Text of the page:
Mazda Millenia S (2001)
SEE ALSO: Mazda Buyer's Guide
by John HeiligSPECIFICATIONS MODEL: Mazda Millenia S ENGINE: 2.3-liter Miller-cycle HORSEPOWER/TORQUE: 210 hp @ 5300 rpm/210 lb-ft @ 3500 rpm TRANSMISSION: Four-speed automatic WHEELBASE: 108.3 in. LENGTH x WIDTH x HEIGHT: 191.6 x 69.7 x 54.9 in. STICKER PRICE: $32,505
Mazda has an interesting line of automobiles. And Mazda has always been willing to experiment with its production cars. Witness, for example, the RX-7, with its Wankel three-rotor engine. Here was a vehicle that had a totally different powerplant and was successful and a highly competitive race car as well as an excellent sports car.
Witness the Constantly Variable Transmission (CVT) that Mazda put in its Justy compact car. It was the first successful application of the CVT after the Dutch manufacturer DAF tried it in the 1950s. Other manufacturers are now picking up the concept.
So it's not surprising that when Mazda introduced its luxury car, the Millenia, it would try something different. Two engines are available in the Millenia. One is a conventional 2.5-liter DOHC V6 that delivers 170 horsepower. The other, and the engine in our tester, is a 210-horsepower, 2.3-liter Miller-cycle DOHC V6. The Miller-cycle engine uses a Lysholm compressor (which is a type of supercharger) and delayed intake valve timing to deliver the power of a larger engine with the fuel economy of a smaller engine. That fuel economy is 20 mpg city and 28 mpg highway, according to the EPA.
This engine is a very smooth engine, gives power similar to a small V8, and it makes the Millenia a good performer in all circumstances. Mazda has continued to use this engine in the Millenia S for several years and it has proven to be a good choice.
The engine drives the front wheels through a four-speed automatic gearbox (you don't get a choice). Strangely enough, with so many manufacturers going to automatic stick shifts, there is none in the Millenia S. It is a straight automatic with no option to go with the stick. I think it's probably not necessary in a true luxury car. But I was surprised to see it missing, since everybody else seems to be including one.
Inside, the Millenia S is true to its luxury pretensions. It has tasteful wood trim around the console and on the door sills. There is a console between the front bucket seats with two cupholders. The accessories include power windows, power door locks, power seats, power mirrors, cruise control, a sun roof, and an AM/FM stereo system with an in-dash CD player and an in-dash cassette player. The sound system was excellent. And of course, the seating was leather.
The Millenia S also has a huge trunk, which to me is extremely valuable. Ever since our family car changed from a full-size van to more sensible vehicles, our family has had trouble learning how to pack. So the 13 cubic foot trunk was a valuable asset if you have to do any cargo carrying of any degree, whether it's groceries from the local market or boxes from the local Circuit City.
It also has a pass-through, so that if you want to carry skis you can keep them inside and not have to mar the exterior appearance of your Millenia with a roof rack.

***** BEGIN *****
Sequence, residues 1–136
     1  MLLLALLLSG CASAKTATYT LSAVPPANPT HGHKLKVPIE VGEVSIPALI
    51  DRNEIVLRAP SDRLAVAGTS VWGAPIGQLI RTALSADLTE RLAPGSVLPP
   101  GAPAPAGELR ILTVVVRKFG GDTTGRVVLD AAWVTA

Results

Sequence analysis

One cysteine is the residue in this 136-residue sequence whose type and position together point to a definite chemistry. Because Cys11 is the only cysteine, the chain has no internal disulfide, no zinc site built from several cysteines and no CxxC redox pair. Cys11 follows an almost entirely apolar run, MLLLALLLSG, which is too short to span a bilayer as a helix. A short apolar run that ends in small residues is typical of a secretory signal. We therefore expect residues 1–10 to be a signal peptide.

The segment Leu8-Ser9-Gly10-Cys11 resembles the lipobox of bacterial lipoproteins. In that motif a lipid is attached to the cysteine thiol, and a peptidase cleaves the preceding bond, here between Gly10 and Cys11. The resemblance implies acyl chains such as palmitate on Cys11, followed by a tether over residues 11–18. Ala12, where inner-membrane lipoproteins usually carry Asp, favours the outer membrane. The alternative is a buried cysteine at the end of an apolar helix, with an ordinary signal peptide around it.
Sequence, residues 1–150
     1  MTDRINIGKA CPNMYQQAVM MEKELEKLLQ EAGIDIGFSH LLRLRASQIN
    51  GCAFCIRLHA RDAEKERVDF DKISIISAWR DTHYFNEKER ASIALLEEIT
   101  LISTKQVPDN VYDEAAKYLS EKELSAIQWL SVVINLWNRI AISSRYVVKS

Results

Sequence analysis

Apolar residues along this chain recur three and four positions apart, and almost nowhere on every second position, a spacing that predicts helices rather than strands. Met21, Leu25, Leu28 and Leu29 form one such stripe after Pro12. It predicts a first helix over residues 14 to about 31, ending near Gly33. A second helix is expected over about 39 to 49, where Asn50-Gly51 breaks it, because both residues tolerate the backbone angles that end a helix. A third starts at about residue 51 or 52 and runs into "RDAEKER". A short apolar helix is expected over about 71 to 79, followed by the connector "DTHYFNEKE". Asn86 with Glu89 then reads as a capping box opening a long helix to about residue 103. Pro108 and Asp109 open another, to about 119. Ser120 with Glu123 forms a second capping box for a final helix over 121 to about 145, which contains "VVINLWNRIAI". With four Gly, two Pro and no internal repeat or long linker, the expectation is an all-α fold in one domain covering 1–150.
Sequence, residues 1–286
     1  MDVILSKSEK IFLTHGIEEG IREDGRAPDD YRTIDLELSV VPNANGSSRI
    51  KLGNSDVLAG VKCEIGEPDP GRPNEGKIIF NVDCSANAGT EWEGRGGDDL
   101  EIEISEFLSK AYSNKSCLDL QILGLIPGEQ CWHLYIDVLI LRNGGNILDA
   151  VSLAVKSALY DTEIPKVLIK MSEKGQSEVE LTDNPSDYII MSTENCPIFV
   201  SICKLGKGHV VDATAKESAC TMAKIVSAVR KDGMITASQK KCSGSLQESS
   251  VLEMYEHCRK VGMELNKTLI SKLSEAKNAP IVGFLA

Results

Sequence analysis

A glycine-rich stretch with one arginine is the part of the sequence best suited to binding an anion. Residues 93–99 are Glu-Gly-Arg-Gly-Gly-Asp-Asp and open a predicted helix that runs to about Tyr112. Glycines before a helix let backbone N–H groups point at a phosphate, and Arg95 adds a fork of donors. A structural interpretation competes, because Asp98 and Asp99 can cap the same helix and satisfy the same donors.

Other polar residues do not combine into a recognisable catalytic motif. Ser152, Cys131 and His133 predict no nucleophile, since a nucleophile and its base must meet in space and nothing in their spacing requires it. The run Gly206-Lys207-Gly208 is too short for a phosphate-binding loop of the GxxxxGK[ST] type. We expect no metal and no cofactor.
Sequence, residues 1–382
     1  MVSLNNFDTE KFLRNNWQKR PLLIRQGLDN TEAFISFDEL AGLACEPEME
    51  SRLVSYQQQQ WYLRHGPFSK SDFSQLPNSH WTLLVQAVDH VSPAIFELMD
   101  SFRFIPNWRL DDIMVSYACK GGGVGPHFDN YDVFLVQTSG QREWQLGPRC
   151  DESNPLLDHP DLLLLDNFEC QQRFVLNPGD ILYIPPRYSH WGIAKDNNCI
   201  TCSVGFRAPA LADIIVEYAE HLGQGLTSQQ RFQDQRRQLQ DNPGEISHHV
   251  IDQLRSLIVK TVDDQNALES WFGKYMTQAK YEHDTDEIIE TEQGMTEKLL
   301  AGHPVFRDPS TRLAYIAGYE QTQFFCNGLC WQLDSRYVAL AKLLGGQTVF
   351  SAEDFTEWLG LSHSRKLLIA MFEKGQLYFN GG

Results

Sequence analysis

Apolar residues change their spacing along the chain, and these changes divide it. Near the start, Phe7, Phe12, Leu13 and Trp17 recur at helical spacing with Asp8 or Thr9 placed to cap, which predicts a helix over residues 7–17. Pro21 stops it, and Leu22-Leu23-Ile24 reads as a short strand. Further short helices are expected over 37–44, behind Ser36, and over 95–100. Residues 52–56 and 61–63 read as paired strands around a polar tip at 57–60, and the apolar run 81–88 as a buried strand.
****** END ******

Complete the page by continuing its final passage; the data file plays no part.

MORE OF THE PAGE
We drove the Millenia S on Interstate highways, including the infamous Pennsylvania Turnpike. We also drove the car on winding roads. I was surprised when driving it on the Turnpike by the amount of noise that was transmitted back into the car. Here is a vehicle that calls itself a luxury car, and yet there is quite a bit of tire noise from the highway, and this noise is transmitted into the driving compartment. Mazda has apparently chosen not to put excessive sound insulation between the source of these noises and the cockpit as, for example, Lexus has chosen to do. Now Lexus may actually be too far the other way in that no sound is transmitted into the car, but I would like a quieter driving compartment than the Millenia offered. For example, the noise interferes with enjoyment of the sound system and some of the more subtle music, especially since I'm not the type of person who blasts the sound system at top volume.
On winding roads, the Millenia handles quite well. For 2001, the body has been made more rigid. The suspension is independent all around with a multi-link system for keeping the tires on the road. It has a complaint ride that isn't as stiff as you'd expect for a sporty car. It isn't mushy either, so it gives a comfortable ride, yet lets you know what's happening under the car.
I liked the storage compartments that are mounted in the doors. They have covers that can be raised with little pushbuttons, keeping the car neat if you're stuffing tissues in there, for example. The armrest in the console has a flat storage area and a deeper one underneath that is large enough to carry 10 CDs.
The Millenia S is an interesting vehicle in that it has a unique powerplant that you won't find in any other manufacturer's vehicle. As such, you consider the powerplant almost as much as you consider the whole vehicle. The Millenia's engine is a good engine. It works in this car and it makes the Millenia a bit of a luxury car to the extent that it ranks above the Camry/Accord/Taurus class, but not in the Lexus ES300 class. It is priced at $32,000 plus, which is about where it belongs.